Bipolar can speed up time - or slow it down.

by John McManamy


HOW WOULD you describe having bipolar disorder to a stranger? This is how I would put it:

Bipolar is the equivalent of being stuck in bumper to bumper traffic in a race car. The world is simply too slow and people too dull-witted to accommodate you. The initial advantage over one's fellow man inevitably gives way to frustration and occasional rage. Sure, at first you experience the exuberation of weaving in and out of traffic as you leave the world behind in your rearview mirror, but now there are more cars, all closer together, backed up for miles on end. Your engine is revving hard, but you find yourself banging your head against the dash in utter despair because you are desperate to pop the clutch and floor it, but all you can do is hopelessly idle and suck other people's fumes.

Or it can be the very opposite. This time you are the one standing still. The mind, once engaged in a certain activity, finds it impossible to switch off into another one. One finds oneself staying in the shower until the water in the tank runs cold or staring off into space as if in a trance. As for getting out of bed, forget it - one is effectively bound to the mattress.

We may associate bipolar disorder with mood swings back and forth from mania to depression, but in truth the major characteristic of this illness is its capacity to bend time in ways that even Einstein failed to comprehend. When everything is going right, the optimum ratio of their time to your time is something like one to two. You can think faster, react faster, and produce faster. If I were a batter facing a pitcher, I would be able to see the seams of the ball coming at me, and calculate the trajectory of the object as I leisurely brought my bat around in anticipation of a satisfying smack.

Ah, the manic high, that satisfying smack.

But things never stay the same. Inevitably, the clock speeds up or winds down. In speedy mode, this time as a batter I swing at the ball way too early, but I have time to swing at it again and yet again. "What's the matter with you, ball!" I rage in a white heat. "What's taking so goddamn long?" By now I have completely forgotten about the ball as I take out my anger on the bat, the ground, or, heaven forbid, the person nearest to me.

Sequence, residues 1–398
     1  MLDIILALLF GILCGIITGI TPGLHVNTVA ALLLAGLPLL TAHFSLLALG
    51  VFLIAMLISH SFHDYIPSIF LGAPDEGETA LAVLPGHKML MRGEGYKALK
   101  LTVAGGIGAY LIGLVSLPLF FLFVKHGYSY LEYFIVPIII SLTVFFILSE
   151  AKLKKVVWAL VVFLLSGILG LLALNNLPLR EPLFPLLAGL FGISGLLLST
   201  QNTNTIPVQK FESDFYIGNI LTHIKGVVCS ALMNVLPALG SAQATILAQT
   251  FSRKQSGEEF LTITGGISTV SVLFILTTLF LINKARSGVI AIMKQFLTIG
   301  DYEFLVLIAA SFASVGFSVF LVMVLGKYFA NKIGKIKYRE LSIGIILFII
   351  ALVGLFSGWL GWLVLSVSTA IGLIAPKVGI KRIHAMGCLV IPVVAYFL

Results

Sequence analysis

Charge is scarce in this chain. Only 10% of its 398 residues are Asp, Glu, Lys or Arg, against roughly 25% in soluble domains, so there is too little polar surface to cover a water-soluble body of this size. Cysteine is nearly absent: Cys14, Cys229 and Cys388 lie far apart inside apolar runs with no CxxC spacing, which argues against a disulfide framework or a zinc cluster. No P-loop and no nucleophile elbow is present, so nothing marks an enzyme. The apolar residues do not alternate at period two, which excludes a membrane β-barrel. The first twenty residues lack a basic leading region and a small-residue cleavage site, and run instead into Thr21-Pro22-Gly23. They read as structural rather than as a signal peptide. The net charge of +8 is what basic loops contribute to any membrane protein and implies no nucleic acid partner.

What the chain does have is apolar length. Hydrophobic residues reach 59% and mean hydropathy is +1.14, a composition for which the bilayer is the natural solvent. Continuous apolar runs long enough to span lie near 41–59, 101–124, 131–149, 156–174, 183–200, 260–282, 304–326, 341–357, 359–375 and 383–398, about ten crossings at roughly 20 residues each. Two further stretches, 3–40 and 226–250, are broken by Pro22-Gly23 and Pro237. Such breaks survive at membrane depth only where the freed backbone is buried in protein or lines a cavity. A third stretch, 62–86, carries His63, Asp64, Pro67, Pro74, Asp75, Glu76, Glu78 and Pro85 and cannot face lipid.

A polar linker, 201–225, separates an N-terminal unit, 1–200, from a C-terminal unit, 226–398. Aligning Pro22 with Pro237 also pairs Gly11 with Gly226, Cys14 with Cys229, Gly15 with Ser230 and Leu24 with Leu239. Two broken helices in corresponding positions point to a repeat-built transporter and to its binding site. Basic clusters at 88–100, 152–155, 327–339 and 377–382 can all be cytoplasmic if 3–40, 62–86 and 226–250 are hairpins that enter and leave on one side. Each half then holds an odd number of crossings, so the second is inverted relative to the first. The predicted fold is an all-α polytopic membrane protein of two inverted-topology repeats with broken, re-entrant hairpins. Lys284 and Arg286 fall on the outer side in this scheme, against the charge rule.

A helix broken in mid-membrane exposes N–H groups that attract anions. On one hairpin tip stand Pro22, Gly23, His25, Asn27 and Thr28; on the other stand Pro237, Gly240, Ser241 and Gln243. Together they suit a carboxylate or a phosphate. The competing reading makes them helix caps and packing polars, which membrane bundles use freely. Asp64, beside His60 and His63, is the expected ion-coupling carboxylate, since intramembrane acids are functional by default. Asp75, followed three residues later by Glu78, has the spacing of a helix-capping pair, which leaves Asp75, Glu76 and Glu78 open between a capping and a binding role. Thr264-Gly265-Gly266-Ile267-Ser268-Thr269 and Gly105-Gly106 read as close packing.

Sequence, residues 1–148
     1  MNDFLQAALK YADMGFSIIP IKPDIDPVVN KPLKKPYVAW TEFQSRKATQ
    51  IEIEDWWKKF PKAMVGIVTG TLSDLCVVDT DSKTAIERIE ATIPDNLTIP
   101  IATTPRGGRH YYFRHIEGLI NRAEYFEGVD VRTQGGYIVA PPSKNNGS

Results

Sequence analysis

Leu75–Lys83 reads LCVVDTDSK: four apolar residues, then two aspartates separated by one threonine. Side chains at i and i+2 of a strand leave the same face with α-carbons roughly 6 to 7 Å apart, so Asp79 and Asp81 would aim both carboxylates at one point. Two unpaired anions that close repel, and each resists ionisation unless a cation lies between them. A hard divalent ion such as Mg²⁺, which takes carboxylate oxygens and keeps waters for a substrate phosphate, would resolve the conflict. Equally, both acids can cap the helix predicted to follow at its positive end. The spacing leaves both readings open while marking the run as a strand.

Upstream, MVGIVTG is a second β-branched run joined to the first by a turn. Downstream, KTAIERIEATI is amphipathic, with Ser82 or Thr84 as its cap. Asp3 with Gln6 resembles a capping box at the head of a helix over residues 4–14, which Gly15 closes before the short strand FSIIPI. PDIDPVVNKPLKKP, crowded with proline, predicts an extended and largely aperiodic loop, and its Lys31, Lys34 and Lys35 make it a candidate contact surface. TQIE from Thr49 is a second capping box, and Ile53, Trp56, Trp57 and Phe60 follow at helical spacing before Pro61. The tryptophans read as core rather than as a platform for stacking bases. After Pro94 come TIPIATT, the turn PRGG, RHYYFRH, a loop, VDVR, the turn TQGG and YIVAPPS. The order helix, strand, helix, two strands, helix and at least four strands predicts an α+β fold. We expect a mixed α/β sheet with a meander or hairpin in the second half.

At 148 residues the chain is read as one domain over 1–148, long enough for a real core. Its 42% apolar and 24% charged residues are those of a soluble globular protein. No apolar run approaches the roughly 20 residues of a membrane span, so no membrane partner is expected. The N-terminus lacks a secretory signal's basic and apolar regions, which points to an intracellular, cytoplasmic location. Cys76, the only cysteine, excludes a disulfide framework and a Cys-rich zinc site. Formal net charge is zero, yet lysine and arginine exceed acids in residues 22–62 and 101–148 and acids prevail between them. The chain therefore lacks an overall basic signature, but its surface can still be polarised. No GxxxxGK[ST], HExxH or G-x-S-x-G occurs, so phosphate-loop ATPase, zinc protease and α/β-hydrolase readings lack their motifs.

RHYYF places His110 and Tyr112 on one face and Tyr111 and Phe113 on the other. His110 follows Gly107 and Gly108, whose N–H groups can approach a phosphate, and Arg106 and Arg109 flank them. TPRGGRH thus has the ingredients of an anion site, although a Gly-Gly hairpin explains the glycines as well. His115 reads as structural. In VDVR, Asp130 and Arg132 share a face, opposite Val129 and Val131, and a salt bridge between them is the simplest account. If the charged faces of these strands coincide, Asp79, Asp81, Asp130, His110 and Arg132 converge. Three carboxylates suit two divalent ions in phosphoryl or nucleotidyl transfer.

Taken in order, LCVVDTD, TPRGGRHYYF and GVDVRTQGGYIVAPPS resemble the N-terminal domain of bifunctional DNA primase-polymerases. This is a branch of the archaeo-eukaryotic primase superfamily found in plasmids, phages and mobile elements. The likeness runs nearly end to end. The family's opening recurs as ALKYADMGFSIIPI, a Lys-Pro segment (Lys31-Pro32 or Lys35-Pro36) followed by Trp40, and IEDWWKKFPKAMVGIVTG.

Nothing goes right in this state of time. Every rock, every tree, everything God has placed on earth has turned against me and me alone. People conspire to make my life miserable, computers find new ways to throw up error codes, numbers and their values change right before my very eyes, and being placed on hold is enough to reduce me to tears.

But then we have those time standing still moments - those times in the shower and under the covers. Yet, time also stands still in the midst of feverish activity. In another piece, on the act of writing, I noted: "When I'm in full flight there is no time and space. The sun takes its leave, booming music falls mute, and the steaming hot cup of tea by my side is stone cold when I pick it up a minute later."

Walking into company in this frame of time can be an out-of-world experience, for you are there, completely in your own moment, but not theirs.



So what state of time will it be today? Forget about the terms manic-depression and bipolar. Let's instead give this thing a name that truly represents its characteristics - bichronicity.

Yes, I am proud to say, I am bichronic. I experience the full spectrum of time, from warp speed to standing still. In the past, I never knew which state of time I would turn up in, day to day, minute to minute. This tended to make my life somewhat unpredictable. I recall as a law student kicking the pants out of the slickest lawyer in town and in other situations being unable to respond to a simple question. I've gone from recluse to life of the party to social embarrassment, from hyperproductive to plain lazy, from being totally on top of the situation to being completely out of it.




These days, my medications tend to hold my time in check and make my life more predictable. Sure, I would love to have my optimum time back, but they haven't invented a pill that can keep it in place forever. I still have my still-time, which is a great advantage when I write, but is my bane when I try to get out of bed. Thankfully those frightening warp speed times have largely receded. Still, learning to live on other people's time requires a bit of adjustment.

All in good time, though, all in good time.

Reviewed Jan 18, 2016






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